By Erica Overfelt | Bond LSC
Ron Mittler always thought he would be a veterinarian, until he was exposed to the lab.
“I went to school to be a vet,” Mittler said. “I made the mistake of working in the lab to make money in the summer and I got hooked on research. I worked with plants and I realized it is the best job to have for me.”
That “mistake” has turned into a career of research and teaching in academia. The latest chapter in that journey started in July when Mittler joined Bond LSC as a professor of plant sciences at Mizzou.
Mittler’s research started with a focus on plants, digging into cell to cell signaling systems.
“I’m looking at how different cells within the same organism communicate with each other, how signals can be transferred and how plants respond to stress by activating cell-to-cell communication,” Mittler said. “For example, you take a plant and apply stress to one leaf to the entire plant will resist. But, I’m really interested in how plants acclimate to a combination of different stressors like drought and heat or heat and salinity together instead of looking at just one stressor.”
As Mittler has let the questions dictate his research, his foundation in plant signaling proteins has expanded beyond plants.
“I was only working on plants,” Mittler said. “I had a project discovering the unknown function of proteins in plants. About 20 percent of the proteins in our body, we don’t know what they do. My project was to try to figure out what all the proteins in plants do. It was very interesting to me, we found out a very close relative of a plant protein is in humans and accumulates cancer cells.”
This connection lends itself well to creating a bridge between his plant science research and research on cancer at MU’s School of Medicine. This potential collaboration and the opportunity to study plant stress in a crop setting swayed his decision to join MU. He comes from University of North Texas where he was a professor in their biological sciences department and earned his bachelors and masters in botany at Hebrew University. He then earned his Ph.D. in Biochemistry at Rutgers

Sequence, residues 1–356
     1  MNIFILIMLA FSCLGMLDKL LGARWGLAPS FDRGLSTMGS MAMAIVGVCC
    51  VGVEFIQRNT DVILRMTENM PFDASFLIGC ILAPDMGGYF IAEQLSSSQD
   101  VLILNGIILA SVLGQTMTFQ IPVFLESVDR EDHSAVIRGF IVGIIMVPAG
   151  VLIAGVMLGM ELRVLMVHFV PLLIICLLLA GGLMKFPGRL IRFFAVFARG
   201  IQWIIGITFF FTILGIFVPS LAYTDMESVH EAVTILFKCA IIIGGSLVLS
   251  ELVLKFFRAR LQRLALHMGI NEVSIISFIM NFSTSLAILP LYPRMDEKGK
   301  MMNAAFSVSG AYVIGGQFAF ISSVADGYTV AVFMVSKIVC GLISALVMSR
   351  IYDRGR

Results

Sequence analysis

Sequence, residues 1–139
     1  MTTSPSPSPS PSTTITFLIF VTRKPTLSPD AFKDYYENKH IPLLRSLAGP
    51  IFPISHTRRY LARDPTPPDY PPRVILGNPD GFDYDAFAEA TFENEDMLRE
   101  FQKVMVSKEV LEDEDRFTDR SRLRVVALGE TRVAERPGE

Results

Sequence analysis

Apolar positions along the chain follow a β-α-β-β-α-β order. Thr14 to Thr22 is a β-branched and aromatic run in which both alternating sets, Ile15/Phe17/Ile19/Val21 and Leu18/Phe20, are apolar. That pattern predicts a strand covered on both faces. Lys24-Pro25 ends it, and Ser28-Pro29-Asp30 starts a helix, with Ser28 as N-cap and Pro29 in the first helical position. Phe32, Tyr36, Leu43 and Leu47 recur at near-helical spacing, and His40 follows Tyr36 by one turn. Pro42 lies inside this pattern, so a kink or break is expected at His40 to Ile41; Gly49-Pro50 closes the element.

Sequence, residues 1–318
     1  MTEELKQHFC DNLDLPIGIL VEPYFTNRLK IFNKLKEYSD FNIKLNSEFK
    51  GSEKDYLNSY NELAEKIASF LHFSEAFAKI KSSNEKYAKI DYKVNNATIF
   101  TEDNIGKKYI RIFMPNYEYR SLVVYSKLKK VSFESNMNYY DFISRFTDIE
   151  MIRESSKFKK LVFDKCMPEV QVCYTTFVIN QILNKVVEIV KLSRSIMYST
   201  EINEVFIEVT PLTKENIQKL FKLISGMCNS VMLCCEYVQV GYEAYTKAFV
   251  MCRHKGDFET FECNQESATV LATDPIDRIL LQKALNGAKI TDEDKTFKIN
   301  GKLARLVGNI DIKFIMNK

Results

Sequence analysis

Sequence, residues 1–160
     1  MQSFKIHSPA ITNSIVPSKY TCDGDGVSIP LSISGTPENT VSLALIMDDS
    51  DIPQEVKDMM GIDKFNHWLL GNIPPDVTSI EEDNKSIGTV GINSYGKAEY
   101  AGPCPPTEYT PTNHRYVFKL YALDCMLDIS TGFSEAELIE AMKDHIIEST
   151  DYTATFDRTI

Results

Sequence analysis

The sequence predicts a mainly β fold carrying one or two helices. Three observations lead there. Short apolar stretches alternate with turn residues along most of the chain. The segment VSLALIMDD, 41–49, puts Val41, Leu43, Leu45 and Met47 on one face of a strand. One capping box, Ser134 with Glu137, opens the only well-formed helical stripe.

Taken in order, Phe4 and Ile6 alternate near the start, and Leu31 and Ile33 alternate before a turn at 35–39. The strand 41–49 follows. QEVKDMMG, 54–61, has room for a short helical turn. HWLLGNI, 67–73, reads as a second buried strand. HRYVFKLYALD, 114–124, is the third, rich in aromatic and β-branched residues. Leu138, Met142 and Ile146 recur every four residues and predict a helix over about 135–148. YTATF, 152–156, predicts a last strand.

A key focus of Mittler’s past work has been on reactive oxygen species (ROS). ROS can be found in biological processes in both plants and animals. Mittler shed significant light on the ROS wave, and the role the wave plays in stress response in plants. Essentially, it is a mechanism for cells to communicate where the ROS within a cell stimulate the cell next to it, creating a domino effect, or wave, that sends a message to nearby cells.
Mittler will be researching how these Reactive Oxygen Species and iron play a role in human disease.
“We are working on a group of proteins that regulate iron and Reactive Oxygen Species in cells,” Mittler said. “That is in relation to cancer or diabetes. Those proteins play a role in cancer cells. We are studying how and why these proteins are so important and trying to develop drugs that target these proteins.”
Questions may be the reason Mittler has taken so many turns in his research, but they are also what kept him motivated in research.
“It’s exciting, answering questions no one has answered,” Mittler said. “Like a little boy, it is tinkering with things and trying to figure out how things work. It is like detective work for me, seeing how plants work, how the body works.”